By HF Editors
Can I repair/replace a curled piece of my installed medallion?
Brenda Kubasta, owner and president of Winneconne, Wis.-based Oshkosh Designs, answers:
Before any repair of the inlay is done, it is extremely important that you determine what caused the piece to curl in the first place. Most commonly, it is a lack of sufficient moisture levels in the home. It is vital that reasonable humidity conditions (35-45% RH at 60-75°F) are maintained consistently throughout the home.
Begin by testing and recording levels throughout the home. After confirming that the levels are inadequate, recommend the placement of a humidifier in the room to stabilize the levels before beginning any repair. Surprisingly, this may quickly remedy the problem with minimal additional work from you. As the piece rebounds, it may flatten, and by simply squeezing a small amount of liquid epoxy under the piece and pressing the piece back into place, your repair may be complete.
If it is determined that humidity is not the problem, another cause may be glue-bond failure. This creates a bit more of a repair challenge. Start by contacting the manufacturer of the inlay to discuss your options. The inlay manufacturer will provide you with recommendations and their product assembly process. Most often a replacement piece will be provided and you will receive detailed step-by-step instructions on the removal and replacement of the piece.
Just as with hardwood flooring, inlays will expand and contract during heating and non-heating seasons as well as react to the movement in the flooring surrounding them. It is imperative to stress maintaining the proper humidity levels in the home to avoid unnecessary repairs.
I recently put down a quick-dry oil-based sealer on a red oak floor in a house still under construction. The house was closed in but the HVAC was not hooked up yet. The sealer took two days to dry instead of two hours, like it said on the back of the container. Why?
Mark Mukosiej, technical support & training at Greenwood Village, Colo.-based Arboritec USA, answers:
There are a lot of variables that need to be factored in to have a wood floor job come out successfully. Unfortunately, often the NWFA’s and, more importantly, the finish manufacturer’s, guidelines for temperature, MC and RH are ignored. When I started out as a floor contractor years ago, I quickly realized that I also needed to be a weatherman. Mother Nature can, and usually does, wreak havoc with a wood floor job. Rarely do we have ideal conditions on a job site. Keeping up with the weather should be a daily habit of every floor contractor.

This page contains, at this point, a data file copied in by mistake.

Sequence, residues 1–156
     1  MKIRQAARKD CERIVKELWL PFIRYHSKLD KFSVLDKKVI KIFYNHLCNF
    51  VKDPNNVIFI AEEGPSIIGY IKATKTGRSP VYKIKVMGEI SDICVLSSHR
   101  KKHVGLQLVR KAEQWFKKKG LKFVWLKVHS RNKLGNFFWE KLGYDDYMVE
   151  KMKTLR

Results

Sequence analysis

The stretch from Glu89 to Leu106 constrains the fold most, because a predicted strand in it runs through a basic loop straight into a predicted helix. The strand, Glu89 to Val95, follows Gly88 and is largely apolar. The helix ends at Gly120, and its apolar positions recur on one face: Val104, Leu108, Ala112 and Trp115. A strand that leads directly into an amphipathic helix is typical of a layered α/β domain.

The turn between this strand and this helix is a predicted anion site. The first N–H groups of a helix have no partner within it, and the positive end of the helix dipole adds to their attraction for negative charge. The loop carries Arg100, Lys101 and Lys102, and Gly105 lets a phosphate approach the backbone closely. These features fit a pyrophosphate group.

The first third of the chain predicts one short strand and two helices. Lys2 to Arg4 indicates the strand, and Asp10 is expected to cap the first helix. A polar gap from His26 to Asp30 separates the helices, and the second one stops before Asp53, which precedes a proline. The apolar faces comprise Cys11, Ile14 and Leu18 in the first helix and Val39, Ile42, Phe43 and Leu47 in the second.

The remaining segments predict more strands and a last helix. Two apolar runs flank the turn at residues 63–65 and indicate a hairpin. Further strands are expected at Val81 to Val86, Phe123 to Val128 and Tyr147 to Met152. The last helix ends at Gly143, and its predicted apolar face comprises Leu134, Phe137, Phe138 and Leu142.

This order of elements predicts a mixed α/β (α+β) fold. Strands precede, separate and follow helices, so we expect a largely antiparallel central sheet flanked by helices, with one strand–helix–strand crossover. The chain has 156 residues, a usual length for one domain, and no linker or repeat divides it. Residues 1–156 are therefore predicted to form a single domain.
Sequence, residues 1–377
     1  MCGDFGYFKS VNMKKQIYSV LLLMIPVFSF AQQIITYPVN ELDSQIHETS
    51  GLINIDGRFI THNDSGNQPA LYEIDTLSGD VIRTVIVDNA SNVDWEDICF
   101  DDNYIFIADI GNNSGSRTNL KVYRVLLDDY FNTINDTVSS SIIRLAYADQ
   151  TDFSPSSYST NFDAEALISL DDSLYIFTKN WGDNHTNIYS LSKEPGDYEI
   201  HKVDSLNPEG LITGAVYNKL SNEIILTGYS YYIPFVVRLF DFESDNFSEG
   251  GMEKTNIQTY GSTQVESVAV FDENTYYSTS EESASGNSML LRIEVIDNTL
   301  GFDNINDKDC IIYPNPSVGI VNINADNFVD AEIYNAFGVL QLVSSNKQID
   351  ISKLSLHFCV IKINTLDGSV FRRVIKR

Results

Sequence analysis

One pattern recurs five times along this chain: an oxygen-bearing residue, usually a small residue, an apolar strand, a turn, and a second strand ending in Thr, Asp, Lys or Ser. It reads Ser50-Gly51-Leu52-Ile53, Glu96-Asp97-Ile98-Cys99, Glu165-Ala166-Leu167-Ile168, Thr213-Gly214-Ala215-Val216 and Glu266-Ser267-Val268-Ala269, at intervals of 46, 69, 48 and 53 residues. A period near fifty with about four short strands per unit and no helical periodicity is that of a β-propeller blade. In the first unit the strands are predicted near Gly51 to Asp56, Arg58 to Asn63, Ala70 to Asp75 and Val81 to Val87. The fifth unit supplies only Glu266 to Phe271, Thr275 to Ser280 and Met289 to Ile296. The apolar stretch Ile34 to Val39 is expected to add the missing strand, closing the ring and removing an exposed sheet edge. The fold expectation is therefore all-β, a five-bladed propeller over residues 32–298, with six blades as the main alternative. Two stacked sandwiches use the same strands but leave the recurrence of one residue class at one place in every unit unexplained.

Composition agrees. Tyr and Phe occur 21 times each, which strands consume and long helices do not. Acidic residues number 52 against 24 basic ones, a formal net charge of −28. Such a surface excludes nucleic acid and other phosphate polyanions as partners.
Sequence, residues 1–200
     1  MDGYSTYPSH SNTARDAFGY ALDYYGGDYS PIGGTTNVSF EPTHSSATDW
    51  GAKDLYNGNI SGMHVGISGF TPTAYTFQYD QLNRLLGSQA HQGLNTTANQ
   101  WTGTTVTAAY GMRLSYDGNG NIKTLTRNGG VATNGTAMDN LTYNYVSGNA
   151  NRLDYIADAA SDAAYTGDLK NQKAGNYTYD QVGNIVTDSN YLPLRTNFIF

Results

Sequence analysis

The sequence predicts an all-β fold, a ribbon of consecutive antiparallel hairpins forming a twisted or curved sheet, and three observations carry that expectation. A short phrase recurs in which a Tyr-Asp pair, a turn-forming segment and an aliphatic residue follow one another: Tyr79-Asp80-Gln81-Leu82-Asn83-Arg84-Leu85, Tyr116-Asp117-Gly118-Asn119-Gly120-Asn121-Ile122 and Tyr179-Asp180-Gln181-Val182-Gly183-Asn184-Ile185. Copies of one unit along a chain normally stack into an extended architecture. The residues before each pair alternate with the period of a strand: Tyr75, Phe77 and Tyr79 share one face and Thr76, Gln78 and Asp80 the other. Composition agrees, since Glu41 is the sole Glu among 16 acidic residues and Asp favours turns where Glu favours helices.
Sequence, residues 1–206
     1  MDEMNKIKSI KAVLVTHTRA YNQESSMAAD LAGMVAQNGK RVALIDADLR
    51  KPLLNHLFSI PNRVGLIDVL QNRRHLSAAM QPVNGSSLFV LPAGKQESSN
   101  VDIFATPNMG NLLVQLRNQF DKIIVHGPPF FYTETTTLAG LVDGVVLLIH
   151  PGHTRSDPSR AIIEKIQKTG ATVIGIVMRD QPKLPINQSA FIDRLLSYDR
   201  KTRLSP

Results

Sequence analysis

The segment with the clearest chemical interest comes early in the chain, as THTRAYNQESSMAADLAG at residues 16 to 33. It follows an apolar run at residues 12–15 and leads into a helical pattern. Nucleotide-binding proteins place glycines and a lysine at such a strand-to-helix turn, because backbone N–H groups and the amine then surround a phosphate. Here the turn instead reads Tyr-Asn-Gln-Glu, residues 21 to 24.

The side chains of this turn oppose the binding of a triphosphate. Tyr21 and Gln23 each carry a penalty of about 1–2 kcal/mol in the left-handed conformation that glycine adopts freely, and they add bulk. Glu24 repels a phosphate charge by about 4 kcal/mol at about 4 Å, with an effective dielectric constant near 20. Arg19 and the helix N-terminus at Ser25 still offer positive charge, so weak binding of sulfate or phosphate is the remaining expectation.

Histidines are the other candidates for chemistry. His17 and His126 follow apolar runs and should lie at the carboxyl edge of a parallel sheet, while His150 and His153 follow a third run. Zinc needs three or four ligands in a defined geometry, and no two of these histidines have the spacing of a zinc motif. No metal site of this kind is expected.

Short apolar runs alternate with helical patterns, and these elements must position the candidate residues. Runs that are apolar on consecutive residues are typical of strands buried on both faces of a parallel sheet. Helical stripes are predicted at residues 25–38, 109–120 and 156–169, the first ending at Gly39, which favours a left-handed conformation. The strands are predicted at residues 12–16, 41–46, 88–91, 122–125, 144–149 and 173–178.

Temperature, RH and MC of the wood are the key factors that need to be addressed when putting finish down. Most manufacturers’ guidelines (on every container) suggest that the RH should be between 35-55%, and the temperature between 60-80°F. The MC of the wood will vary according to the wood species and the region of the country. If the MC, RH and the temperature of the air, wood and finish are not within these parameters, problems will arise. You may get applicator streaks, orange peel, or alligatoring. The drying times will also be affected.
In an existing house these conditions are likely under control. However, in new construction they rarely are. You, as a professional, should have control of the job site. This, in part, means that you must advise the homeowners, or builder, that they must bring the house to proper conditions before you start the job. This will enable you to stay within the manufacturer’s and NWFA guidelines that were set so finishes would perform as they were intended to. By making sure the job site environment is as it should be, you will have the maximum opportunity of having a successful result: avoiding callbacks and getting paid!
People are always asking me what to use to clean their floors. What should I tell them?
Rusty Swindoll, technical services manager at the National Wood Flooring Association, answers:
This can be confusing since there are so many cleaners to choose from. Here are some tips for your customers: